May 13, 2004
Dear Senators Akaka and Durbin,
The undersigned national consumer organizations write to strongly support the Credit Card Minimum Payment Warning Act. The Act would require credit card issuers to disclose more information to consumers about the costs associated with paying their bills at ever-declining minimum payment rates. The Act provides a personalized “price tag” so consumers can understand what are the real costs of credit card debt and avoid financial problems in the future.
Undisputed evidence links the rise in bankruptcy in recent years to the increase in consumer credit outstanding. These numbers have moved in lockstep for more than 20 years. Revolving credit, for example (most of which is credit card debt) ballooned from $214 billion in January 1990 to over $750 billion currently. As family debt increases, debt service payments on items such as interest and late fees take an ever-increasing piece of their budget. For some families, this contributes to the collapse of their budget. Bankruptcy becomes the only way out. (See the attached fact sheet for more information about the scope and impact of credit card debt.)
Credit card issuers have exacerbated the financial problems that many families have faced by lowering minimum payment amounts, from around 4 percent of the balance owed, to about 2 percent currently. This decline in the typical minimum payment is a significant reason for the rise in consumer bankruptcies in recent years. A low minimum payment often barely covers interest obligations. It convinces many borrowers that they are financially sound as long as they can meet all of their minimum payment obligations. However, those that that cannot afford to make these payments often carry so much debt that bankruptcy is usually the only viable option.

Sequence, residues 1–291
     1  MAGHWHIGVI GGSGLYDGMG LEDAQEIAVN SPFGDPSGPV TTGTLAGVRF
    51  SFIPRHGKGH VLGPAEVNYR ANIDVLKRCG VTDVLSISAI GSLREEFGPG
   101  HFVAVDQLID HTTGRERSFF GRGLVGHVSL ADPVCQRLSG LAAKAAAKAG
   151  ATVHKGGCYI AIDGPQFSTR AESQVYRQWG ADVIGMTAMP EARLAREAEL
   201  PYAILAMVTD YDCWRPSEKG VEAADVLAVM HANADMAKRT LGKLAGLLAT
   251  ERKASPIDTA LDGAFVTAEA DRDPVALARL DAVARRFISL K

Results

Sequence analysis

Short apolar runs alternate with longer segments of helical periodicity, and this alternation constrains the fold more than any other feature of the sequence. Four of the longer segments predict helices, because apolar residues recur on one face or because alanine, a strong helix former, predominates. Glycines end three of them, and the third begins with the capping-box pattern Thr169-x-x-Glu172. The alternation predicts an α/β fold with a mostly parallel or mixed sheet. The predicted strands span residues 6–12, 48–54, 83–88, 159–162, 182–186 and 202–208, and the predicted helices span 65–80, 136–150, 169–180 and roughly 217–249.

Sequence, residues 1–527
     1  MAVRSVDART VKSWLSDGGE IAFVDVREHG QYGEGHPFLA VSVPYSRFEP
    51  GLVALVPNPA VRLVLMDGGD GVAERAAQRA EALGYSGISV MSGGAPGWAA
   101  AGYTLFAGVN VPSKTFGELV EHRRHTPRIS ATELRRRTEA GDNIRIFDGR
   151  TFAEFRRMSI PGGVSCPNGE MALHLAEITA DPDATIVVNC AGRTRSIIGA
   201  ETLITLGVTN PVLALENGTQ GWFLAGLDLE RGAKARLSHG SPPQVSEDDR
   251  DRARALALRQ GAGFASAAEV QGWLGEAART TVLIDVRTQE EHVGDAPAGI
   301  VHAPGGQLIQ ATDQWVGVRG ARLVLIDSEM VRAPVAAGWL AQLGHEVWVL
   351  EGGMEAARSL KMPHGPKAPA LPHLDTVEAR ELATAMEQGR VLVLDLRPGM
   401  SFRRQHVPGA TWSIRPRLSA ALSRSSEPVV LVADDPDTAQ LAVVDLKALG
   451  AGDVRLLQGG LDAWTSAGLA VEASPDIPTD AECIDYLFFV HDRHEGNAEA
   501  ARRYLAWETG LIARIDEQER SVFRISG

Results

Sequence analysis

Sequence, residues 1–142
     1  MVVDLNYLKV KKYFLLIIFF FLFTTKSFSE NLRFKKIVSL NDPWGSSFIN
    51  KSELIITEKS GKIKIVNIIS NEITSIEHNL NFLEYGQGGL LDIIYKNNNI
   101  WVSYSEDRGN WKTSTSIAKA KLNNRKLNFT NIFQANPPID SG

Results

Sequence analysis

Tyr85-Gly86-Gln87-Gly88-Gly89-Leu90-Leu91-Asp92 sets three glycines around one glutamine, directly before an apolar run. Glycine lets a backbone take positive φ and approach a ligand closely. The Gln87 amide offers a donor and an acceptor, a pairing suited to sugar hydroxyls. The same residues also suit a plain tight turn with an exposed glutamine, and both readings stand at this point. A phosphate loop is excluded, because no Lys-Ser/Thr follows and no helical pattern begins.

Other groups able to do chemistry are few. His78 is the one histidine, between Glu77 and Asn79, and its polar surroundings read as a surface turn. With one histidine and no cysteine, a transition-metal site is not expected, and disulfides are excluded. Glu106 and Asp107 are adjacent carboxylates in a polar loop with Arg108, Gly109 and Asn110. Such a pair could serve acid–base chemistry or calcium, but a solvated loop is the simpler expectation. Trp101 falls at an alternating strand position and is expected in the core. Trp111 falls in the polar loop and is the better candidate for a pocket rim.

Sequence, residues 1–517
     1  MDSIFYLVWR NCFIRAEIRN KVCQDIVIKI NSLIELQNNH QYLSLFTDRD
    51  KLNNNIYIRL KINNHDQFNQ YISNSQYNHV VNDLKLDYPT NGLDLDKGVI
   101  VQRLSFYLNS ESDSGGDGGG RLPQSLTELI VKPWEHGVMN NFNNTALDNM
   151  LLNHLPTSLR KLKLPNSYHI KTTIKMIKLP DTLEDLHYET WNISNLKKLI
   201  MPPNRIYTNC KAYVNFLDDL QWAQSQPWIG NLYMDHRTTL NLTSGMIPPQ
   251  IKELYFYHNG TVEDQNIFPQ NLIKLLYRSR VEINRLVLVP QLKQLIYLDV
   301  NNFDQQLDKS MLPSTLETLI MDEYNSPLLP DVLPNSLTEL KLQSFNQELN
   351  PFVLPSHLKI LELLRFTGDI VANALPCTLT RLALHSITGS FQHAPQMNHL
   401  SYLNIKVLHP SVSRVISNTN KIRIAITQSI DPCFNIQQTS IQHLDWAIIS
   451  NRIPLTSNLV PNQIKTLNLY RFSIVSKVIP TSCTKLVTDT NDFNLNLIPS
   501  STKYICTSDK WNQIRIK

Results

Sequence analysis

This bill will provide consumers several crucial pieces of information on their monthly credit card statement:
● A “minimum payment warning” that paying at the minimum rate will increase the amount of interest that is owed and the time it will take to repay the balance.
● The number of years and months that it will take the consumer to pay off the balance at the minimum rate.
● The total costs in interest and principal if the consumer pays at the minimum rate.
● The monthly payment that would be required to pay the balance off in three years.
The bill also requires that credit card companies provide a toll-free number that consumers can call to receive information about credit counseling and debt management assistance. In order to assure that consumers are referred to honest, legitimate non-profit credit counselors, the bill requires the Federal Reserve to screen these agencies to ensure that they meet rigorous quality standards.
Our groups commend you for offering this very important and long-overdue piece of legislation. It provides the kind of personalized, timely disclosure information that will help debt-choked families make informed decisions and start to work their way back to financial health.
Travis B. Plunkett
Consumer Federation of America
Consumer Programs Director
U.S. Public Interest Research Group
See facts about credit card debt